It had been some time since we had heard the emotional aggression of Jesse Michaels’ unmistakable voice, but 2020 brought an unexpected and welcomed dose of fond and familiar relief. On July 29, Michaels posted a Bandcamp link to a brand-new, five-song EP from Classics of Love. Immediately noticeable is a much harder, faster, and more stripped-down approach than when we’d last heard from the band in 2012.

He is as humble as he is a recognizable name that thousands have thanked at some point in their life, whether for inspiration or simply improving a record collection. Recently, Jesse was generous in answering some questions about newly created music with Classics of Love, and graciously opens up about mental health.

Since 2012, the music room of Jesse Michaels has been quiet. What have you been up to since then, and when did you start getting back to music?
I have been up to a lot of things. Many of them are mundane and have nothing to do with artistic output. Around 2012 I think, I released a film. Since then, I have done visual art, worked a job at a rehab, sold art online. I have crushing depression and mental illness, so my life has no orderly, productive flow and is often just about survival.

I don’t think I knew some of those deeper details about depression.
I do not go into heavy detail about my personal life in public, but essentially it is an illness that my entire family has … with serious depressive mental illness, my experience is that it is an illness that eats the soul and turns a person into a fuckhead, and there is not that much you can do about it except get punches in when you can. Exercise, and so on. Fight as hard as you can every day, and try to be of service, and that’s life. Life says, “Fuck you, depression.” Eat it and fight.

So, what ‘got the creative juices’ flowing to culminate in the new Classic of Love EP?
My friend Sharif said, “You should come down to the practice pad and jam sometime.” This led to a whole different project, an unnamed death rock project, which got canceled because of the pandemic. It was spooky punk, kind of like TSOL or 45 Grave. This stuff was not originally going to be called “Classics of Love,” but I couldn’t think of a name, and the guys in the old band Classics of Love that I played with from 2008 to 2012 gave me their blessing to use that name.

There is a passion and rage on these songs, truly beautiful. What inspired the lyrics?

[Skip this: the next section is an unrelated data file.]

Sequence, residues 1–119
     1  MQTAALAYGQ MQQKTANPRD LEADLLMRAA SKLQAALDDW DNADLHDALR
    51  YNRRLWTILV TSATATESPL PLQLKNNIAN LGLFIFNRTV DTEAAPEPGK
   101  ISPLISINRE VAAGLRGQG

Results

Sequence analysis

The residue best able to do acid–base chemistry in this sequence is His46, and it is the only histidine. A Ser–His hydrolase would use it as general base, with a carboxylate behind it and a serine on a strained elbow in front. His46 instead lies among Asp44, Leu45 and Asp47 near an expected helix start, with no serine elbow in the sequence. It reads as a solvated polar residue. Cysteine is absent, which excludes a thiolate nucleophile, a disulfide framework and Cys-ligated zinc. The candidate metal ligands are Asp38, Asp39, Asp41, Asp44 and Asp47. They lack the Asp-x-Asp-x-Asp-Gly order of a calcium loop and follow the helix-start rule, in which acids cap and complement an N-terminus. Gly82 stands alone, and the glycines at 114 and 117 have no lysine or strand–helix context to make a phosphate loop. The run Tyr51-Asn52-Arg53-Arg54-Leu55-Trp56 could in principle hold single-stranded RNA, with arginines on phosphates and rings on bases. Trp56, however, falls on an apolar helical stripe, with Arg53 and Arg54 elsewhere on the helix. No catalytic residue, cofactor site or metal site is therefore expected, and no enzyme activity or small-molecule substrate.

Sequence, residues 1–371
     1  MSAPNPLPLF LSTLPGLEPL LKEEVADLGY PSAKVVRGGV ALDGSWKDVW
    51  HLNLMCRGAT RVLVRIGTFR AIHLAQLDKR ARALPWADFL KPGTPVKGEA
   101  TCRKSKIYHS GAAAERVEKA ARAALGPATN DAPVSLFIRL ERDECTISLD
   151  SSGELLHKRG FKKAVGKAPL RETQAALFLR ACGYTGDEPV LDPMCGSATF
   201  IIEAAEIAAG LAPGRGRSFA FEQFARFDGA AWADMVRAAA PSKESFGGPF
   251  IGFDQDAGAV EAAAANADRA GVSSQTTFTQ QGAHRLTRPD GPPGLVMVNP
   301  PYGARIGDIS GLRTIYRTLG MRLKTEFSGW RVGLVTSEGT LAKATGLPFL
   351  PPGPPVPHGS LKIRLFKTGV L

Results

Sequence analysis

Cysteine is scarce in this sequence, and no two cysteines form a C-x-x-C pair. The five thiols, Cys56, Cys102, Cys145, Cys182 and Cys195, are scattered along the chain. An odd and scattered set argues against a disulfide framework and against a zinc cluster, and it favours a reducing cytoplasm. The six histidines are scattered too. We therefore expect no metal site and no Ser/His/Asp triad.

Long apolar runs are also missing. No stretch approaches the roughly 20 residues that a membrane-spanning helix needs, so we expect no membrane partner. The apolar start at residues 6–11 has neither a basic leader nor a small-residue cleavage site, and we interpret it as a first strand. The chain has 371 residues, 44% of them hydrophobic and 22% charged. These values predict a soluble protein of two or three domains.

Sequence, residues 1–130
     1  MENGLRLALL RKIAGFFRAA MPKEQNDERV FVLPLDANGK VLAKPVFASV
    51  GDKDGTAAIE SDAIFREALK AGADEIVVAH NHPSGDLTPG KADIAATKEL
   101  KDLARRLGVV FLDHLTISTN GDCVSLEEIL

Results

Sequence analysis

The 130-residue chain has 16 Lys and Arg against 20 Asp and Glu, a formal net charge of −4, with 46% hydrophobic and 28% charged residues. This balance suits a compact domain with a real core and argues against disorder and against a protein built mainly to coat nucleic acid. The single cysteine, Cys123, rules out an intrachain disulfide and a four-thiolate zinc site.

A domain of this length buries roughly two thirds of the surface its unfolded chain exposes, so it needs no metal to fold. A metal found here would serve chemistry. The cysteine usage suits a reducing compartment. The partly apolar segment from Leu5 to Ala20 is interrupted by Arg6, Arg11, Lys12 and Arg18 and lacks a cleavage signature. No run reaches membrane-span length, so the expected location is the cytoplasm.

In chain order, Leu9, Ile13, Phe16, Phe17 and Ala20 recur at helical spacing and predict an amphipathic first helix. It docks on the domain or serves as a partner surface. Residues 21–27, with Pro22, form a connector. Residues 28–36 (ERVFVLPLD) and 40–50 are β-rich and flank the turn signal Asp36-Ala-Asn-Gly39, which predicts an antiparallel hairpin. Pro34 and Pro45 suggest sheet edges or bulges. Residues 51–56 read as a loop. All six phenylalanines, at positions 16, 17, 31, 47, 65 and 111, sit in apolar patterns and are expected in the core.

I really appreciate your generous assessment. Thank you. I tried to take a different approach with the lyrics. Typically, I try to make lyrics that are somewhat poetic.

There are definitely a few poetic lines in these songs, but mostly, I tried to go for an approach similar to the old hardcore bands I grew up listening to. Specifically, bands like The Fix, Negative Approach, The Necros, Minor Threat and so on; direct, honest, simply expressed feelings and very aggressive.

I do have a lot of rage inside because I think the world is fucking stupid. I think people on the left are just as stupid as people on the right now, and most people are blind, dogmatic, deeply uncharitable frauds. And that very statement that I just made conveys the fact that I have a bit of judgment in my own heart.

But this music is not about trying to be a saint. It is about communicating totally honestly, or as honestly as possible, and the hope is that through that directness, it reaches something in the heart that is beyond language, that everybody can relate to, including people that don’t agree with what I think.

Are you tired of people asking about a reuniting Operation Ivy?
If you are interested in the possibilities of an OPIVY reunion, it is not absolutely out of the question, but not in the works, especially given the current state if live music for the foreseeable future. If it ever were to happen, a lot of things would kind of have to fall into place, and I am not even sure if it’s really possible.

I am very grateful for the lasting relevance of that music. I respect and appreciate anybody who gets something out of it. I feel lucky to have participated in something that has real meaning to a lot of people. The inner spirit of the songs is 100 percent alive in me, even though in some ways, I have changed superficially. In other ways, I am exactly the same as I have been since I was, like, six or something.

There is a planned vinyl release of the New Classics of Love EP later this year on Asian Man Records.

Photo by Alan Snodgrass

Pick up a copy here.

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